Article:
- N. Ezer and B. Robaire, “Androgenic regulation of the structure and functions of the epididymis,” in The Epididymis: From Molecules to ClInical Practice, B. Robaire and B. Hinton, Eds., pp. 297–316, Kluwer Academic/Plenum Publisher, New York, NY, USA, 2002.
- S. Yamashita, “Localization of estrogen and androgen receptors in male reproductive tissues of mice and rats,” Anatomical Record A, vol. 279, no. 2, pp. 768–778, 2004.
- B. Robaire and M. Hamzeh, “Androgen action in the epididymis,” Journal of Andrology, vol. 32, no. 6, pp. 592–599, 2011.
- R. A. P. Dornas, A. G. Oliveira, M. O. Dias, G. A. B. Mahecha, and C. A. Oliveira, “Comparative expression of androgen receptor in the testis and epididymal region of roosters (Gallus domesticus) and drakes (Anas platyrhynchos),” General and Comparative Endocrinology, vol. 155, no. 3, pp. 773–779, 2008.
- S. Otsuka, M. Suzuki, N. Kamezaki et al., “Growth-related changes in histology and immunolocalization of steroid hormone receptors in gonads of the immature male green turtle (Chelonia mydas),” Journal of Experimental Zoology A, vol. 309, no. 3, pp. 166–174, 2008.
- M. Galgano and C. D'Amore, “II ciclo dell’epididimo in Lacerta s. sicula Raf,” Italian Journal of Zoology, vol. 27, no. 1-2, pp. 1–20, 1960.
- F. Angelini and V. Botte, “Spermatogenesis in reptiles, dynamic and regulatory aspect,” in Sex Origin and Evolution. Mucchi Selected Symposia and Monographs UZI, R. Dallai, Ed., pp. 211–230, Mucchi, Modena, Italy, 1992.
- M. Verderame, F. Angelini, and E. Limatola, “Expression of estrogen receptor alpha switches off secretory activity in the epididymal channel of the lizard Podarcis sicula,” Molecular Reproduction and Development, vol. 79, no. 2, pp. 107–117, 2012.
- M. Verderame and E. Limatola, “Molecular identification of estrogen receptors (ERα and ERβ) and their differential expression during VTG synthesis in the liver of lizard Podarcis sicula,” General and Comparative Endocrinology, vol. 168, no. 2, pp. 231–238, 2010.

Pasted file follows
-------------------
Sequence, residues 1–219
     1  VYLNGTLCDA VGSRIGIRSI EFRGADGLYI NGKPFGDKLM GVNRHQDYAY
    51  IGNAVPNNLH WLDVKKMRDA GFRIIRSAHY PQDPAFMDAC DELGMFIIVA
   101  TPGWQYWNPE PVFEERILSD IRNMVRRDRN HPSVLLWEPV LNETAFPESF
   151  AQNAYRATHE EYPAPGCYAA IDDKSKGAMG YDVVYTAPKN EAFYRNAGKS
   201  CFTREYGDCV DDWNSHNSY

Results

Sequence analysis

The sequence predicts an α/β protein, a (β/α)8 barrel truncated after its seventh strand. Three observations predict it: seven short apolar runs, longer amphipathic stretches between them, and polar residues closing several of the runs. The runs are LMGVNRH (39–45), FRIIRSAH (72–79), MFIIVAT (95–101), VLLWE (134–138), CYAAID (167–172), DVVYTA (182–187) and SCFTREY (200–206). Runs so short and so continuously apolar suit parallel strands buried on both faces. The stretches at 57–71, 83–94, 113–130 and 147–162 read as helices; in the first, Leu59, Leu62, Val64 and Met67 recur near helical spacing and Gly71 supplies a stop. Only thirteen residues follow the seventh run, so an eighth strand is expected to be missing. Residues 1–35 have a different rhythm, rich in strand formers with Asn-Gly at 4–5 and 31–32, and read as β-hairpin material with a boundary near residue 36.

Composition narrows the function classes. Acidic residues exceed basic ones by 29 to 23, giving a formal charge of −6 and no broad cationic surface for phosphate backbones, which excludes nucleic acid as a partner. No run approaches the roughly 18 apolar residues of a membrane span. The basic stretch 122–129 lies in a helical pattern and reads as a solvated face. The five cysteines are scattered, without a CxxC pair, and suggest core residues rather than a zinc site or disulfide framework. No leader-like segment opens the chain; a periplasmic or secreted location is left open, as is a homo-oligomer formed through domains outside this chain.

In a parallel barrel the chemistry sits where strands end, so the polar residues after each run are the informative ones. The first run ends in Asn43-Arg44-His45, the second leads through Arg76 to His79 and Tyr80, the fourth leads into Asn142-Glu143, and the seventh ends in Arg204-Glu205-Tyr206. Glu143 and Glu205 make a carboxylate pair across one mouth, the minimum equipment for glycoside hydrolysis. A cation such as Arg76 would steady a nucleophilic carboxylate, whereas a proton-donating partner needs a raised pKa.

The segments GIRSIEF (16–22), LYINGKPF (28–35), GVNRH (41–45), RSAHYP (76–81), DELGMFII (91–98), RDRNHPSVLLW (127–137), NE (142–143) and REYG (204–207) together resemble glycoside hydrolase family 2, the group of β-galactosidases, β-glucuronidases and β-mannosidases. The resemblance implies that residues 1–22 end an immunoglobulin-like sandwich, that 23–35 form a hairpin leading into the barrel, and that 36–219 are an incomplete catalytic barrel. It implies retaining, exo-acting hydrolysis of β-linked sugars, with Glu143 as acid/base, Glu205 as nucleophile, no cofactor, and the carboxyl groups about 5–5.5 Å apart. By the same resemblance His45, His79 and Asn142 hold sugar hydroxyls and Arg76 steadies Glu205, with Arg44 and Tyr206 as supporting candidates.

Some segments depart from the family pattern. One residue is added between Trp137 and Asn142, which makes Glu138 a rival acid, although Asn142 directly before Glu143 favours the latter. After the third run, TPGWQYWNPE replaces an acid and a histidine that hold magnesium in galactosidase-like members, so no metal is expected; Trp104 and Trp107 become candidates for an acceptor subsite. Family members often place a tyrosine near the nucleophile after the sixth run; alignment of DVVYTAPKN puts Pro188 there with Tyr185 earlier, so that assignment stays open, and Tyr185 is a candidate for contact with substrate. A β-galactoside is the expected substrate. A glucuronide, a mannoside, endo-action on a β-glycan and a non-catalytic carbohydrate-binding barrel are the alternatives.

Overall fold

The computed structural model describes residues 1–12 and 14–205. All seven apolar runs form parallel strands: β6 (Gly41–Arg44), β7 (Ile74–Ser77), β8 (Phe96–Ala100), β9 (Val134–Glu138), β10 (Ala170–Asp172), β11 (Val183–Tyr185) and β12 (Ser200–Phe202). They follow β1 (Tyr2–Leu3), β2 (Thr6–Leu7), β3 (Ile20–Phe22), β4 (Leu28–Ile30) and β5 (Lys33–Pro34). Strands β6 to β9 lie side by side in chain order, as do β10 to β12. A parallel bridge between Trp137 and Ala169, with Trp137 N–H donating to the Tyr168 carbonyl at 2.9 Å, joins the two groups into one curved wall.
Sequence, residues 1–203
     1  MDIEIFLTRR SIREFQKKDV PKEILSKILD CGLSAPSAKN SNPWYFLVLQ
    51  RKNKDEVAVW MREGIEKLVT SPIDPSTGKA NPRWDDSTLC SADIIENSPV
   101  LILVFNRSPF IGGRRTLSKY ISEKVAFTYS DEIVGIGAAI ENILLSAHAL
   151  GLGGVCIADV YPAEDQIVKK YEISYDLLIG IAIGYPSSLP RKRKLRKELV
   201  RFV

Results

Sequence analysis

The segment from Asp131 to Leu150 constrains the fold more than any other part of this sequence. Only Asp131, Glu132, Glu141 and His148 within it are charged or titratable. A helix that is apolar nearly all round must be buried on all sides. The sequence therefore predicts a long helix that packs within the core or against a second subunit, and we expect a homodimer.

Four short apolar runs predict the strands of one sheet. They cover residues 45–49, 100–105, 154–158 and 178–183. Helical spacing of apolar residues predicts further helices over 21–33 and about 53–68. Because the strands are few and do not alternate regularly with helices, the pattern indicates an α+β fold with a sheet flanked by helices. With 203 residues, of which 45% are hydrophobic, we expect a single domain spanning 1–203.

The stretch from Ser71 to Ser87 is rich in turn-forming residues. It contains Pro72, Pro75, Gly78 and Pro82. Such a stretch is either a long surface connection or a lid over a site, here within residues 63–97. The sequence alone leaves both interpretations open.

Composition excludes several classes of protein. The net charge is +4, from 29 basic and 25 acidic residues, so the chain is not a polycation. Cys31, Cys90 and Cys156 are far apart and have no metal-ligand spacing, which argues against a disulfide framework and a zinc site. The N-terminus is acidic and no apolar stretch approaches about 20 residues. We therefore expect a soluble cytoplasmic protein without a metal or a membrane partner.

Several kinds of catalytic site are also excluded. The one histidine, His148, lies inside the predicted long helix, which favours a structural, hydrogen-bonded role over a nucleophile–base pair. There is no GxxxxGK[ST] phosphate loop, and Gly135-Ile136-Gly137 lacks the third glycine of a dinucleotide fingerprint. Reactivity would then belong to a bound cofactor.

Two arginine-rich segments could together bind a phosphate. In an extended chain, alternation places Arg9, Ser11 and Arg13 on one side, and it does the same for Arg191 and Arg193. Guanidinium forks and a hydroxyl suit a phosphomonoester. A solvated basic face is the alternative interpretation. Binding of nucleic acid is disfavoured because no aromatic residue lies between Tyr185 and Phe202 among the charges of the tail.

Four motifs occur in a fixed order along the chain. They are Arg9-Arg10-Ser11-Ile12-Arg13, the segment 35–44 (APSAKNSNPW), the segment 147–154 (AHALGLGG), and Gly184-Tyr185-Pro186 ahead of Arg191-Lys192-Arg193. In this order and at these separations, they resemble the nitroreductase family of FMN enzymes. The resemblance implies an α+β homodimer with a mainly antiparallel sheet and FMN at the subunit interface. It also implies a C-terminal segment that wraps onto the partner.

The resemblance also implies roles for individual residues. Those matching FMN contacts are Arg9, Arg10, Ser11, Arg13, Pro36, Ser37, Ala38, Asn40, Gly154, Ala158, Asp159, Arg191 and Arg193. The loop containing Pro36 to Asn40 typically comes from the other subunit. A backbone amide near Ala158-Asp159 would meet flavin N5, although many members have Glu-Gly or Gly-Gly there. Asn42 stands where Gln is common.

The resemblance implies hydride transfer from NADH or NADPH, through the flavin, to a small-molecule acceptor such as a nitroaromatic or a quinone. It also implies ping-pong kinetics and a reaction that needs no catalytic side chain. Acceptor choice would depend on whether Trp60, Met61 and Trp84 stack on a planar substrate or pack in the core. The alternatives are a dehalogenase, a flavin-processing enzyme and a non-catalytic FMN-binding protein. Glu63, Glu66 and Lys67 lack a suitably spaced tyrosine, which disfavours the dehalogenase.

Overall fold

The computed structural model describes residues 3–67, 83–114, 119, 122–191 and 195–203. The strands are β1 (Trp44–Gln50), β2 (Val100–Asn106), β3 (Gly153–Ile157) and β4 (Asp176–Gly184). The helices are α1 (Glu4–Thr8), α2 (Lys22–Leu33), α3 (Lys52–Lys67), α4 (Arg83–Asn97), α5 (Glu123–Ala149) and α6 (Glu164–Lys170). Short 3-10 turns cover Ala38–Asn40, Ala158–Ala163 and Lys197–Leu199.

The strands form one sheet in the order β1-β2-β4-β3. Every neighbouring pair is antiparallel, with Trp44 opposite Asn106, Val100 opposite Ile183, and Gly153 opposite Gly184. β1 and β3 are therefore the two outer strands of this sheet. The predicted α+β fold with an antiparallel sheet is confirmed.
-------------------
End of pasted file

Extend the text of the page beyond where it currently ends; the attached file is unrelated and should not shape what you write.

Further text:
- V. Mazzi, Manuale di Tecniche Istologiche e Istochimiche, Piccin, Padova, Italy, 1977.
- M. Verderame, M. Prisco, P. Andreuccetti, F. Aniello, and E. Limatola, “Experimentally nonylphenol-polluted diet induces the expression of silent genes VTG and ERα in the liver of male lizard Podarcis sicula,” Environmental Pollution, vol. 159, no. 5, pp. 1101–1107, 2011.
- M. A. Younes and C. G. Pierrepoint, “Androgen steroid-receptor binding in the canine epididymis,” Prostate, vol. 2, no. 2, pp. 133–142, 1981.
- P. S. Cooke, P. Young, and G. R. Cunha, “Androgen receptor expression in developing male reproductive organs,” Endocrinology, vol. 128, no. 6, pp. 2867–2873, 1991.
- C. E. Roselli, N. B. West, and R. M. Brenner, “Androgen receptor and 5α-reductase activity in the ductuli efferentes and epididymis of adult rhesus macaques,” Biology of Reproduction, vol. 44, no. 4, pp. 739–745, 1991.
- H. O. Goyal, F. F. Bartol, A. A. Wiley, and C. W. Neff, “Immunolocalization of receptors for androgen and estrogen in male caprine reproductive tissues: unique distribution of estrogen receptors in efferent ductule epithelium,” Biology of Reproduction, vol. 56, no. 1, pp. 90–101, 1997.
- H. Ungefroren, R. Ivell, and S. Ergun, “Region-specific expression of the androgen receptor in the human epididymis,” Molecular Human Reproduction, vol. 3, no. 11, pp. 933–940, 1997.
- C. A. Oliveira, G. A. B. Mahecha, K. Carnes et al., “Differential hormonal regulation of estrogen receptors ERα and ERβ and androgen receptor expression in rat efferent ductules,” Reproduction, vol. 128, no. 1, pp. 73–86, 2004.
- L. O'Hara, M. Welsh, P. T. K. Saunders, and L. B. Smith, “Androgen receptor expression in the caput epididymal epithelium is essential for development of the initial segment and epididymal spermatozoa transit,” Endocrinology, vol. 152, no. 2, pp. 718–729, 2011.
- M. T. Patrão, E. J. Silva, and M. C. Avellar, “Androgens and the male reproductive tract: an overview of classical roles and current perspectives,” Arquivos Brasileiros de Endocrinologia e Metabologia, vol. 53, no. 8, pp. 934–945, 2009.
- B. A. Shanbhag and P. J. Sharp, “Immunocytochemical localization of androgen receptor in the comb, uropygial gland, testis, and epididymis in the domestic chicken,” General and Comparative Endocrinology, vol. 101, no. 1, pp. 76–82, 1996.
- Q. Zhou, R. Nie, G. S. Prins, P. T. K. Saunders, B. S. Katzenellenbogen, and R. A. Hess, “Localization of androgen and estrogen receptors in adult male mouse reproductive tract,” Journal of Andrology, vol. 23, no. 6, pp. 870–881, 2002.
- R. Zaya, C. Hennick, and C. A. . Pearl, “In Vitro expression of androgen and estrogen receptors in prepubertal and adult rat epididymis,” General and Comparative Endocrinology, vol. 178, no. 3, pp. 573–586, 2012.
- V. Panet-Raymond, B. Gottlieb, L. K. Beitel, L. Pinsky, and M. A. Trifiro, “Interactions between androgen and estrogen receptors and the effects on their transactivational properties,” Molecular and Cellular Endocrinology, vol. 167, no. 1-2, pp. 139–150, 2000.
- B. Varriale and T. Esposito, “The hamster androgen receptor promoter: a molecular analysis,” Journal of Steroid Biochemistry and Molecular Biology, vol. 94, no. 1–3, pp. 103–110, 2005.